Electronic coupons, arriving by cell phone, Twitter, e-mail and Facebook, are helping generate an old standby's comeback and bringing in new, younger customers.

Many shoppers, especially young consumers like 30-year-old April Englebert, used to reject coupons printed in newspapers and direct-mail booklets as passe or cumbersome.

But Englebert, an accounting clerk in Portland, Ore., was so thrilled when she cut her monthly grocery bill from $500 to $300, mainly with electronic coupons, that she recruited friends and co-workers to try them.

"It's awesome," Englebert said. "There is a lot of free stuff to be had."

Coupon use had been declining since 1992 as consumers found less need for or some embarrassment in using them. But as the economy worsened, frugal became cool and their popularity grew.

Use of electronic discounts and coupons more than doubled in the first half of 2009 compared with the same period last year as overall coupon use rose 23 percent, according to coupon-processing company Inmar Inc. They now account for more than 3 percent of all coupons used, up from roughly 2 percent in 2008.

While they still represent a small part of the total coupons used, they have strong potential — growing quickly and providing a new way for shoppers to stretch increasingly tight budgets.

"It does take some significant outside forces for people to wake up and pay attention to the savings opportunities available to them," said Matthew Tilley, director of marketing for Inmar.

On a recent shopping trip to the grocery store, Englebert tucked a clutch of offers under her tattooed arm. Besides the store's printed circular, there were manufacturers' coupons she'd gotten by e-mail and coupons she'd bought on eBay. Using in-store sales and coupons, she bought 14 items — including macaroni and cheese, meat and other items — for a grand total of $5.98, saving $24.88.

Englebert said she spends about five hours a week hunting for coupons — checking her favorite blogs for the hot deals of the day, searching manufacturer Web sites for special promotions and finding groups on Facebook or through Twitter feeds among other tools. She even hits eBay where something like a $5-off coupon may not be of any value to someone who isn't going to use it but is worth the 99 cents she might pay for it.

Users can print digital coupons from Web sites or e-mail, but many are entirely electronic. They can be uploaded to a store's loyalty card or arrive on a cell phone as a promotion code or image. There are also iPhone applications, handheld devices in stores and screens built into grocery cart handles that alert shoppers to deals in stores. And retailers continue to try new formats.

Electronic coupons offer the same benefits for retailers as any discount program: driving consumer traffic, building loyalty, increasing sales and attracting new customers.

They also eliminate printing costs, reduce paper waste, can be updated more quickly and have higher redemption rates than their print counterparts.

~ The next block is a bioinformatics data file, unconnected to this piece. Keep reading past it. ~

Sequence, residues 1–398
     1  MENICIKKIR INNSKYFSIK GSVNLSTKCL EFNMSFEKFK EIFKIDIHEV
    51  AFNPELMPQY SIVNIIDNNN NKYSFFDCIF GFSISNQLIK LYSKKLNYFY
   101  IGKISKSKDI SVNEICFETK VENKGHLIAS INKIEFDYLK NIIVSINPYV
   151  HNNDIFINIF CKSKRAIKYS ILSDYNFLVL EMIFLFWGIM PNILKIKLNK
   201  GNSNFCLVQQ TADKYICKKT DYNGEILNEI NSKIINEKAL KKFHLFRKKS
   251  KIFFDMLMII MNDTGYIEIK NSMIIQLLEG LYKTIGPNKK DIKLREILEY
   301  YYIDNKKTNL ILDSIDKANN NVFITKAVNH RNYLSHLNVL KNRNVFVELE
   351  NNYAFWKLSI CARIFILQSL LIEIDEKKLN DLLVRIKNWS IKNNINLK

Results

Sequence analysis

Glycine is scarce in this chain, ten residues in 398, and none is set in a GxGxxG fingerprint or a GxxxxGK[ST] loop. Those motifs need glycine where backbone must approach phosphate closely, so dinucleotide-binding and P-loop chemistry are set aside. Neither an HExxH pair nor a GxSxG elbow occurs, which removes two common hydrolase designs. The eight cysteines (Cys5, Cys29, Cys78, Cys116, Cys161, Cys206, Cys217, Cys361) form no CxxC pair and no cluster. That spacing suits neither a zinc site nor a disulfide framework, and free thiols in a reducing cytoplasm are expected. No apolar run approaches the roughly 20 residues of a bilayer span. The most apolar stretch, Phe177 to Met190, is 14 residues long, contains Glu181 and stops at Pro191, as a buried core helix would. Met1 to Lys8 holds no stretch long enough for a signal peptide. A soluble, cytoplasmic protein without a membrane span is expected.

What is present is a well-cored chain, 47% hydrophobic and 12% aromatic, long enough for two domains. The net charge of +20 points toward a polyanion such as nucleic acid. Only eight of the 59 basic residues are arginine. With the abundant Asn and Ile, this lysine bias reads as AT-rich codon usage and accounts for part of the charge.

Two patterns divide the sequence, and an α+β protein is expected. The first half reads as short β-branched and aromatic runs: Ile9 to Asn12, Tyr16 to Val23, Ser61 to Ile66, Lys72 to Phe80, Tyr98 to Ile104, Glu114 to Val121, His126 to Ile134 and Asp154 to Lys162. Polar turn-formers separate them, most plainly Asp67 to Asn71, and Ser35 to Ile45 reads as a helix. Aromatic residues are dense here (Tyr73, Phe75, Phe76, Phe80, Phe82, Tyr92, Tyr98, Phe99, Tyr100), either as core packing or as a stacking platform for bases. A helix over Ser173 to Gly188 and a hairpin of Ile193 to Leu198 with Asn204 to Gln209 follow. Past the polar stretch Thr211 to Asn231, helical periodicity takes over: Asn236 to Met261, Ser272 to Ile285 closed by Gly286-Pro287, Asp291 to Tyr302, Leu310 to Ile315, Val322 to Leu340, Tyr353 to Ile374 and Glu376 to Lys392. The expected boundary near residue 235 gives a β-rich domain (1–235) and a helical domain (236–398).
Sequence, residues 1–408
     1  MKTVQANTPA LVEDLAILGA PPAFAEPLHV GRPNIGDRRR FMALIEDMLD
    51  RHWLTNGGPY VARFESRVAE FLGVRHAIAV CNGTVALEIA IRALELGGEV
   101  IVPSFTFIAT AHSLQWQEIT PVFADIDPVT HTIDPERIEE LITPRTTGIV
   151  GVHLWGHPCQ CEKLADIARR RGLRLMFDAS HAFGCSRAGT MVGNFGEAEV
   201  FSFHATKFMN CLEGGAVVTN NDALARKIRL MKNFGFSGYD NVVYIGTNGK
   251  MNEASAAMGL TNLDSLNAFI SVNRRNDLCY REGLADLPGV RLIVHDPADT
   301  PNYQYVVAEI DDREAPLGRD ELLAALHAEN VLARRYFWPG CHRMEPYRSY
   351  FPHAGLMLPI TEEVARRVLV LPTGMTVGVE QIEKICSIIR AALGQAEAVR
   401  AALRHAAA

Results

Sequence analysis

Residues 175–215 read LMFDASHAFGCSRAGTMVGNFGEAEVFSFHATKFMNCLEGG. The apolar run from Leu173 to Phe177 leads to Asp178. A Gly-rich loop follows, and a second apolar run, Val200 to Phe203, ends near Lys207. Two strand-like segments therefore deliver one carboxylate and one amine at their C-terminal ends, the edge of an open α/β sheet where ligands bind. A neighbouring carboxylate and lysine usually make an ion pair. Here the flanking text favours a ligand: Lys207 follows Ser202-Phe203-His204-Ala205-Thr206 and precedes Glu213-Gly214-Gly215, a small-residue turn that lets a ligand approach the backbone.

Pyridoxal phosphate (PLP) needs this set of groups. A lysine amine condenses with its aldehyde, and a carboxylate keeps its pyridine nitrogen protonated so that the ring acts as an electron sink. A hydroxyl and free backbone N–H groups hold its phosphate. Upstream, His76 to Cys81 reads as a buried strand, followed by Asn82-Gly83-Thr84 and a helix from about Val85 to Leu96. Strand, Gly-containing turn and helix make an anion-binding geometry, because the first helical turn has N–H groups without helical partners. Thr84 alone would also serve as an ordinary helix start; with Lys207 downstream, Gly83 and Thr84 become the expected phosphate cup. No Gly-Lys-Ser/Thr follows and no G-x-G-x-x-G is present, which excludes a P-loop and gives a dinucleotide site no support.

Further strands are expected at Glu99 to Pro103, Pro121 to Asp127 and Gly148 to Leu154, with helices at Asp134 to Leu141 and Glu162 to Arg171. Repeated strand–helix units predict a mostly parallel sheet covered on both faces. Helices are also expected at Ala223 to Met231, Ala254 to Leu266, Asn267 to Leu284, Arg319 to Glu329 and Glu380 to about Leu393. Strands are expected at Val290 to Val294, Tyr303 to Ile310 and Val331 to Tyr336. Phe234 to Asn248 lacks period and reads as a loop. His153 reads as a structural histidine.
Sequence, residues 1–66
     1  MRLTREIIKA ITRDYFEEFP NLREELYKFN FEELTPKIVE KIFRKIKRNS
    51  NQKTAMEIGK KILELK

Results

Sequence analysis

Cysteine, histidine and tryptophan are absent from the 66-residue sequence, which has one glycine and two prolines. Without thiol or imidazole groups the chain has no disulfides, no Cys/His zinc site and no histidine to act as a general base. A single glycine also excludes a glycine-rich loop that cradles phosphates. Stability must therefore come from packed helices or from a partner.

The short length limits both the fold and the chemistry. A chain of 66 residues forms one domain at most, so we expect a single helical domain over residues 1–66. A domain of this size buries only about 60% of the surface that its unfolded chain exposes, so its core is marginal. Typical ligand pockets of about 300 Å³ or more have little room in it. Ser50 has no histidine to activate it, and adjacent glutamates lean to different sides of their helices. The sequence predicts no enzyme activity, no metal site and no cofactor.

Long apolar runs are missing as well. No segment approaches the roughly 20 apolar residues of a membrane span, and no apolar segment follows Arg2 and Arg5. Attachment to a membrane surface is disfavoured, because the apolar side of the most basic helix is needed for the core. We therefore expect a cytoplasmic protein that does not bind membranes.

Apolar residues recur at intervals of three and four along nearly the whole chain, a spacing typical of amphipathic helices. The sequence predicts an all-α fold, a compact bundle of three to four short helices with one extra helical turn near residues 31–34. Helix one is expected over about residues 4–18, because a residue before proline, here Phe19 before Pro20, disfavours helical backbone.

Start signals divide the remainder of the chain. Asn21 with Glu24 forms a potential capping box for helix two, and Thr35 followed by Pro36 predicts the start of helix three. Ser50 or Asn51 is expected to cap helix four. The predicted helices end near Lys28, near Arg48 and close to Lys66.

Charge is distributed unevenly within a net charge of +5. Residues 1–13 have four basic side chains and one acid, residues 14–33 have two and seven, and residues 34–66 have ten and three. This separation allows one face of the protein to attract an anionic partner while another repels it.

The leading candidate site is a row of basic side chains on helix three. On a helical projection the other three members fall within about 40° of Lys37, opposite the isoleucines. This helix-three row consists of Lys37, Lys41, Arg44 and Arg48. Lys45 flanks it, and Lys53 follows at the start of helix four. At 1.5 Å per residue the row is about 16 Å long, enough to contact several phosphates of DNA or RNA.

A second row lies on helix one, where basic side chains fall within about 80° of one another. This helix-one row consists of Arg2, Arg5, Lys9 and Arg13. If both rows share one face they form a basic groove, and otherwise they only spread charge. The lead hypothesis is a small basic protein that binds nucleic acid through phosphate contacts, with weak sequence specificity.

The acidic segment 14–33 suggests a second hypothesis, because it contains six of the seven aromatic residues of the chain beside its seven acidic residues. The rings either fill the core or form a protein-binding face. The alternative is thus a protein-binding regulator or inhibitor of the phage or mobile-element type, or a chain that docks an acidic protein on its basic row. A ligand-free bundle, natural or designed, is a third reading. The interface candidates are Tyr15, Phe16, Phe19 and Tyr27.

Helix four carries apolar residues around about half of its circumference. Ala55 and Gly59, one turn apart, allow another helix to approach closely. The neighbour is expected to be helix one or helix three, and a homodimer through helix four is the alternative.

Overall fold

And coupon aggregators such as Coupons.com and Cellfire say online coupon users tend to skew younger and more affluent than the traditional coupon user. Cellfire, for example, says 60 percent of its users are between 18 and 35.

But technological hurdles remain in syncing electronic coupons with checkout systems and in preventing counterfeiting and hacking.

Many Internet coupons are designed to limit customers to only two per computer, but some users try to find ways around that.

Newer coupons can have serial numbers or a user's name built in so any abuse can be tracked, said Charles Brown, co-chair of the coupon council for the Promotion Marketing Association and vice president of marketing for NCH Marketing Services.

But companies are still figuring out the new dynamics of managing the array of coupons and how fast they can spread.

Marsh Supermarkets had to halt a recent Facebook deal offering $10 off a $10 or more purchase as the coupon spread much further and faster through the social networking site than the Midwest grocer had intended.

"It just went everywhere. We did not anticipate that," company spokeswoman Connie Gardner said. "We would not have issued it if we had known."

Most notoriously, KFC faced traffic jams and overwhelming demand this spring at several restaurants and ultimately offered rain checks to cope with unanticipated demand for free grilled chicken meals offered in a coupon posted on TV talk show host Oprah Winfrey's Web site.

Overall, electronic coupons lack the reach of print because consumers must seek them out — as opposed to finding them in the mailbox or on the front step, Brown said.

Experts say both electronic and traditional print formats are likely to grow, though it will be a while before they match the all-time peak in coupon use of 7.9 billion in 1992. In 2008, consumers redeemed just 2.6 billion coupons of all types.

"When airplanes were invented, trains didn't go away. When TV was invented, radio didn't go away," Brown said. "Various medias work together and reach consumers at different times."